The Stag

A former sex worker recounts a harrowing night in Abbotsford, BC, circa 1980

We exit to the parking lot, where it’s dark, and half the crowd is either getting into cars or pissing up against them. I miss the city lights; better the devil you know. I rush to the phone booth between the hall and the road, digging out a handful of change, and call the Vancouver cab company I call every day. I hear the dispatcher’s familiar voice and hope she can recognize mine.

“I need a cab to Vancouver, west end. I’m at a hall in Abbotsford, but we can’t stay here. We’re four girls, and we need a cab desperately. We’ll just keep walking down the highway until we see it.” Silence. “Please … ”

“Just keep walking. I’ll send a cab right away,” she interrupts. The phone goes dead.

I am about to hang up when he pushes his way into the booth. He grabs the receiver out of my hand and smashes it into the phone box, then he rips the cord out. “You fucking whore!” he yells as I run to the girls.

“We have to walk down the highway. The cab is on the way,” I tell them, leading them past drunk bastards jumping into their cars.

“I’ll give you a ride!” one shouts.

“You can’t walk away now, you ugly bitch.”

We keep walking.

“You can trust me, baby. Just get in the car.”

“I think we can trust him,” Candy calls out to me, trying to keep up. She is the smallest of us and is wearing the highest heels.

I don’t know how far we’ve walked, what time it is. The cars pass less frequently now, but we can still hear the shouts. Candy and Mary sit down. “We’ll stay here. Come back for us when you get the cab.” I’m about to vomit when Judy lets out a cheer. We see the headlights, the light on the roof.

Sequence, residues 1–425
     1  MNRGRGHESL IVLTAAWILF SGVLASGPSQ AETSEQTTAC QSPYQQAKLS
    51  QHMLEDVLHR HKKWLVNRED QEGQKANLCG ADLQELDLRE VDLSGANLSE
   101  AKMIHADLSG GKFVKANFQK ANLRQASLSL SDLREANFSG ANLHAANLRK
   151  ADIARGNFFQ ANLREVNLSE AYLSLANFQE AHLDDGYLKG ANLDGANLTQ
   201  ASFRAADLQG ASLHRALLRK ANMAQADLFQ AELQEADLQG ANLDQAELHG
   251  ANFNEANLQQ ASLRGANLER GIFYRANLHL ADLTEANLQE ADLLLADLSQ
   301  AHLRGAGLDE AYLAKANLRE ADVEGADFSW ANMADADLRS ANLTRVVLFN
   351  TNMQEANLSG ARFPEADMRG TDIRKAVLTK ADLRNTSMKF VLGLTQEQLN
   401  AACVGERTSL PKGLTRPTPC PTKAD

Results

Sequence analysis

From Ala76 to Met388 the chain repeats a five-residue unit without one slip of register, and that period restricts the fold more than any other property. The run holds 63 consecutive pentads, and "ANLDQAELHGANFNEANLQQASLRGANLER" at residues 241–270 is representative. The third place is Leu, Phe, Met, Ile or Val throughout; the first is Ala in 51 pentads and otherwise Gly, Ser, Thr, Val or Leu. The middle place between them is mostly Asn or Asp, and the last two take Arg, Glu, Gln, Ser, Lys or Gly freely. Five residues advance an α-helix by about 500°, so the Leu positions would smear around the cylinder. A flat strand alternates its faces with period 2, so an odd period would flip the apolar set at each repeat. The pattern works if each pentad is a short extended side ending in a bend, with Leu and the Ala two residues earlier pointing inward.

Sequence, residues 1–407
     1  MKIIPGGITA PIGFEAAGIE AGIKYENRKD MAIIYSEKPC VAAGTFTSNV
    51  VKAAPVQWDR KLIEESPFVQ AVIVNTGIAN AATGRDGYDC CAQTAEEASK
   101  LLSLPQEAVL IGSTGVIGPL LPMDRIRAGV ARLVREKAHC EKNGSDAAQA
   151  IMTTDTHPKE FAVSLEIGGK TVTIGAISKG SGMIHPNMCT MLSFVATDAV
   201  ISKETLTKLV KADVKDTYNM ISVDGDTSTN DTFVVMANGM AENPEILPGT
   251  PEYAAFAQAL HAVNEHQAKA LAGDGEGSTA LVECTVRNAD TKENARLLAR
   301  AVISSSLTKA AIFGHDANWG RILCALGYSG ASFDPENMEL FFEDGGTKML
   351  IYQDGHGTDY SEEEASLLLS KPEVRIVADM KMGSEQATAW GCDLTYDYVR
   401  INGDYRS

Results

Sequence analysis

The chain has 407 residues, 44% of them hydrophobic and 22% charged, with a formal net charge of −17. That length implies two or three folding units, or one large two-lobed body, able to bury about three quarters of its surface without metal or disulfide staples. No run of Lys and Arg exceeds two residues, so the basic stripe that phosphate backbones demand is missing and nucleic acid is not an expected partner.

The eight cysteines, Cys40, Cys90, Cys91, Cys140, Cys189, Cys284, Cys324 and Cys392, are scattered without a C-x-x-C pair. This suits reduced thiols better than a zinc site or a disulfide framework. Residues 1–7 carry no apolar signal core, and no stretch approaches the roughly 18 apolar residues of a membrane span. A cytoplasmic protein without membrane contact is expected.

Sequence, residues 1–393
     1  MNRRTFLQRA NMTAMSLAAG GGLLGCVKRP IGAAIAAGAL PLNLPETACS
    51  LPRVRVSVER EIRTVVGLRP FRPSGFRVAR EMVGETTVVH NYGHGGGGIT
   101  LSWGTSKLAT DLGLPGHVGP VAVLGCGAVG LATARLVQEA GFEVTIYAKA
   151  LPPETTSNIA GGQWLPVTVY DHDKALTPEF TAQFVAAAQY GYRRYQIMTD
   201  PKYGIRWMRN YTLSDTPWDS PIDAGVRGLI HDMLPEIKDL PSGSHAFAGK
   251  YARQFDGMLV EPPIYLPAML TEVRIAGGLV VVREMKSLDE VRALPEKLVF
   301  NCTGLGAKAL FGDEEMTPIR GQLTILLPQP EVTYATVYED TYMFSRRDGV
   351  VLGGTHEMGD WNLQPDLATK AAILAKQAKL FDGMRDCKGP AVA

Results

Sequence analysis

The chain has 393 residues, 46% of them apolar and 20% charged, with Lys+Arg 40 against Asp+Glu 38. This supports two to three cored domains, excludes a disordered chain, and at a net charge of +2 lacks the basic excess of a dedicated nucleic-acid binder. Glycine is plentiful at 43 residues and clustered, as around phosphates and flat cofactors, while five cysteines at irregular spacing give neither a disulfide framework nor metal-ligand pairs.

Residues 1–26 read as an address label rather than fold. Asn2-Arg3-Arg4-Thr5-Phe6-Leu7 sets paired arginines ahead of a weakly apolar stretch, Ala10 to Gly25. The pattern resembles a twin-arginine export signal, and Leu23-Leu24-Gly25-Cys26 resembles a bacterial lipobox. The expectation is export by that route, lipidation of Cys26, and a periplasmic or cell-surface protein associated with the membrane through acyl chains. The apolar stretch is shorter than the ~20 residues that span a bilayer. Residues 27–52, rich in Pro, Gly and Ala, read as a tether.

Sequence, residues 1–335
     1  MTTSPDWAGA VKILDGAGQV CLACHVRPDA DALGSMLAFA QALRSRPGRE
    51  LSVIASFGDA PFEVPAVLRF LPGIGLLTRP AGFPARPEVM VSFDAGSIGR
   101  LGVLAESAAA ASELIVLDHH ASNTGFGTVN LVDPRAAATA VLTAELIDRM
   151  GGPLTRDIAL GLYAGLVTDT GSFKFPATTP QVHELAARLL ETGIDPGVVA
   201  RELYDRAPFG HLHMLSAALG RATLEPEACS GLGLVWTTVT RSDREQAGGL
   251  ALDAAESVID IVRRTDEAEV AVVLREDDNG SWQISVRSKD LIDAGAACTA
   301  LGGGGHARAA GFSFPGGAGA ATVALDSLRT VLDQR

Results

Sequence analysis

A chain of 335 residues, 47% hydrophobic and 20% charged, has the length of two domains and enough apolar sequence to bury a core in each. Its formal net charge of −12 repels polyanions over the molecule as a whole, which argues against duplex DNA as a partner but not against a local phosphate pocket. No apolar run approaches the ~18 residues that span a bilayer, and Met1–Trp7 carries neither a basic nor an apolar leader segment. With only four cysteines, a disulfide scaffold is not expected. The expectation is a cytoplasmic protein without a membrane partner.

“You could have been waiting a lot longer,” the cabbie says as we pile in ecstatically. “You’re lucky I was — ”

Candy cuts him off: “Stop for cigarettes as soon as possible.”

As I listen to the girls in the back seat, I can’t make out who’s laughing, who’s talking.

“The bars are closed now.”

“I’m starving. Let’s get some Chinese.”

“Let’s go back to my place.”

But as we pull up to Candy’s, I’m thinking about the fathers. I’m thinking about the bride.
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5 comment(s)

DagnaJune 14, 2011 14:23 EST

Thank you for sharing your story Deirdre, so visual... and scary. I was relieved to learn how this stag turned out.

ShawnaJune 14, 2011 23:11 EST

If your life involves drugs and prostitution, I think it would be a given for an event like this one to occur at some point. While I was reading the article, I found myself wondering, "When is the shocking part of this story happening?" Seriously, 65 drunk and horny guys? What did you think would happen?????

DaynaJune 17, 2011 14:17 EST

Oh, Shawna. Don't you remember the Slutwalk message? Please, stop blaming the victim.
No one deserves harassment or intimidation and it's the perpetrator who's to blame; no one else.
I'm glad the writer got out physically unscathed, if not emotionally unhurt.
This is why the laws around prostitution need to be changed: to protect and regulate the women and men at these type of gigs.

SkepticJuly 19, 2011 20:12 EST

Dumb, really dumb. IF this story is true (can you really rely on drug-fuelled memories?), then you've got no one but yourself to blame.

This is a HIGHLY unusual circumstance in the business. I've never come across anything like this ever. But then again, I'm not a junkie.

It's articles like these (and publications like Walrus who print them) that make me so angry. Accepting money to entertain men is not inherently dangerous. Being dumb, on drugs and being desperate and vulnerable seems to be the problem. If you weren't a streetwalker, you'd very likely still have had an abusive boyfriend or husband and you'd still have the drug habit.

I really doubt this story is true though.

RitaAugust 24, 2011 07:29 EST

I met her just recently. Sadly, It is true. You people are cruel.
I wonder how this is normal and not "shocking" that men behave this way. No matter what they are "celebrating".

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